Solo Album in the Works for Wayne Armond of Chalice

Solo Album in the Works for Wayne Armond of Chalice

Wayne Armond

by Howard Campbell

SOUTH FLORIDA – Anyone who has followed Jamaican music for an extended period knows Wayne Armond is synonymous with Chalice, the band he helped start over 40 years ago.

He is still a member but for It’s Alright, his/their latest song, the credit reads Chalice Featuring Wayne Armond.

The lanky singer/guitarist, who moved to South Florida one year ago, insists he is still with the band. The ‘featuring’ is a strategic move.

“I’m putting my name out there because in the near future I want to put out an album for myself. It doesn’t mean I’m going solo from Chalice; it just means it’s a project I wanted to do for a long time,” he explained.

Armond wrote, produced and arranged It’s Alright which was released in June. Since moving to Florida, he has “hit the ground running” and kept busy, playing gigs. He has recorded instrumental covers of Alton Ellis songs he hopes to release as an album soon.

It’s Alright is being largely promoted through social media, which Armond says has helped make it popular in countries like Ghana and Nigeria. The song has also been serviced to Jamaica where, according to him, “It’s getting some love.”

Chalice burst on the scene in 1980 with I Still Love You, a soft rock ballad written by Armond that topped Jamaican charts for several weeks. Over the years, they have had many hit songs including Can’t Dub, Dangerous Disturbances, Good to be There and Revival Time.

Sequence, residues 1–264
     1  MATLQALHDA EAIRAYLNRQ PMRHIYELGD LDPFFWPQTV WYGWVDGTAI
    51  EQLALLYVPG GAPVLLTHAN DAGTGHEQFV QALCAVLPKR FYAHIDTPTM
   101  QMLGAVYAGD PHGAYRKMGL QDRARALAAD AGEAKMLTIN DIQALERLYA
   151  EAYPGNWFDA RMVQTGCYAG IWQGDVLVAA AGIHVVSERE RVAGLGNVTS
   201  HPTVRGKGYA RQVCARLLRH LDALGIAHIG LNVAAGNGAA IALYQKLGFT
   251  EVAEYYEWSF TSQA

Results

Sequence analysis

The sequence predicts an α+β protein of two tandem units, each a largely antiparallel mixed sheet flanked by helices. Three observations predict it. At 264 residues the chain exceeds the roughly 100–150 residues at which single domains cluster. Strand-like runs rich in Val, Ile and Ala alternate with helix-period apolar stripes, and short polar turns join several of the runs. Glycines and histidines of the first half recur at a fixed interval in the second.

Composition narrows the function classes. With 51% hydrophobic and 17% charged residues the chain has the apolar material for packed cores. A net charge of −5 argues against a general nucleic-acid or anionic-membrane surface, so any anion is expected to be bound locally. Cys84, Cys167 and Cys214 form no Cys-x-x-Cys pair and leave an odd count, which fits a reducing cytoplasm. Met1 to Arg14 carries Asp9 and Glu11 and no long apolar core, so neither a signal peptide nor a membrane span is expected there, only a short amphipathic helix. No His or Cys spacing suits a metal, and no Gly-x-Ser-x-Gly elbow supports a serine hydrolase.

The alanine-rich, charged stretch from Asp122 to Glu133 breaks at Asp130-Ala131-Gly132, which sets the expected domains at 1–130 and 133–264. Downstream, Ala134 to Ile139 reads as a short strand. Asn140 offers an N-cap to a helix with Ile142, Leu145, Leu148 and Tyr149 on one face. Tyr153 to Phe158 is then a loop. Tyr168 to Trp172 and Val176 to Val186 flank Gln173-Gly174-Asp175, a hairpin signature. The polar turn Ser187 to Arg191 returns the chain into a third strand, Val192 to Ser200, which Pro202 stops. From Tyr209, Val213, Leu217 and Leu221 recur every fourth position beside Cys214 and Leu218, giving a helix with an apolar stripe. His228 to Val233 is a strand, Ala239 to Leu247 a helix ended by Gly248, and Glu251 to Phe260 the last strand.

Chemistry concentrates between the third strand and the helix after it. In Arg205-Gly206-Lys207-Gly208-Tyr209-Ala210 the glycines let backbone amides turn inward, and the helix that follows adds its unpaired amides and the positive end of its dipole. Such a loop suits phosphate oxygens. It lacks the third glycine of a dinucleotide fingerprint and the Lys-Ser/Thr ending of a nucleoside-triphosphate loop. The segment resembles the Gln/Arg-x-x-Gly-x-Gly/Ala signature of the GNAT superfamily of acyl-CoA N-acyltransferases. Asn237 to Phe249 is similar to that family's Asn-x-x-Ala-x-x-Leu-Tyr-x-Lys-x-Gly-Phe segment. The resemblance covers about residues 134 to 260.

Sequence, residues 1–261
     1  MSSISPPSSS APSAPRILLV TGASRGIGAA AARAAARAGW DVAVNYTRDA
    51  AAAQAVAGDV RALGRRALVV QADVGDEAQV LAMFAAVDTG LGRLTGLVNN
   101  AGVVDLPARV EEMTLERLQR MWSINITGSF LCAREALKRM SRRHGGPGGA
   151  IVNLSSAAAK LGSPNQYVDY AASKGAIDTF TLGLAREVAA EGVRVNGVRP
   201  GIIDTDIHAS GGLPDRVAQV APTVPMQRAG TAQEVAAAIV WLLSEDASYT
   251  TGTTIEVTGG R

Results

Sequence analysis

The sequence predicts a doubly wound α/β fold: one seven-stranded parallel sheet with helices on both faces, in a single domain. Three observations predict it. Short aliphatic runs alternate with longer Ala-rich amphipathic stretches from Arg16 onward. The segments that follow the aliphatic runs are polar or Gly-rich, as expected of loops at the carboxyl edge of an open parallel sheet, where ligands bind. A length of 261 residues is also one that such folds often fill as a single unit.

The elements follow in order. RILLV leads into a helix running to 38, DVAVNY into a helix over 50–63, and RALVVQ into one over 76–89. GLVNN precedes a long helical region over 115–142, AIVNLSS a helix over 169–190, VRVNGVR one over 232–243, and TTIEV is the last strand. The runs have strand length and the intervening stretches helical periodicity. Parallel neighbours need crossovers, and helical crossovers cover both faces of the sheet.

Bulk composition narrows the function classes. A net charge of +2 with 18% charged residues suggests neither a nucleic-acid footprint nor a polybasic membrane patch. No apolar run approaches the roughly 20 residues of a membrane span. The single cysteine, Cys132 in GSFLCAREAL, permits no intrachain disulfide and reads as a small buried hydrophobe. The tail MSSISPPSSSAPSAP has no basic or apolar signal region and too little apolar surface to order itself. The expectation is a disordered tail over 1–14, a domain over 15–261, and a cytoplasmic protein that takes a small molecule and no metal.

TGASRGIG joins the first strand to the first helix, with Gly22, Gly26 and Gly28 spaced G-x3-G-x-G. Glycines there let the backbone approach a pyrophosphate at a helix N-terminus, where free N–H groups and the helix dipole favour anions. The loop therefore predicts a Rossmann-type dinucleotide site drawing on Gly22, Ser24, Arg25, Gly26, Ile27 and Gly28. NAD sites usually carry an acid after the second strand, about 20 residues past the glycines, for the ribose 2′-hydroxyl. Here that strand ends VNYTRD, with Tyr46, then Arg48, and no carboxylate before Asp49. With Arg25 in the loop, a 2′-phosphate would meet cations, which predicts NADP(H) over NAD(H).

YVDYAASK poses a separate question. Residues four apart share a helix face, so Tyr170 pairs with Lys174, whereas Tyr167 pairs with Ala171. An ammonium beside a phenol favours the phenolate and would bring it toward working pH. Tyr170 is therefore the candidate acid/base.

But even as Chalice excelled, Armond found time for other projects. He toured with Jimmy Cliff for six years, playing on the reggae legend’s hit version of I Can See Clearly Now; played on two albums by jazz great Monty Alexander and wrote a hit song (Righteous Youths) for Richie Spice.

From a Jamaican family with strong ties to the thoroughbred industry, Wayne Armond joined Chalice after stints with Time (a group managed by Bob Andy) and Byron Lee and The Dragonaires. Now in his early 60s, he retains a zest for making quality music.

“I still have the drive, the passion. I’m pretty much happy,” he said.

 

 

 

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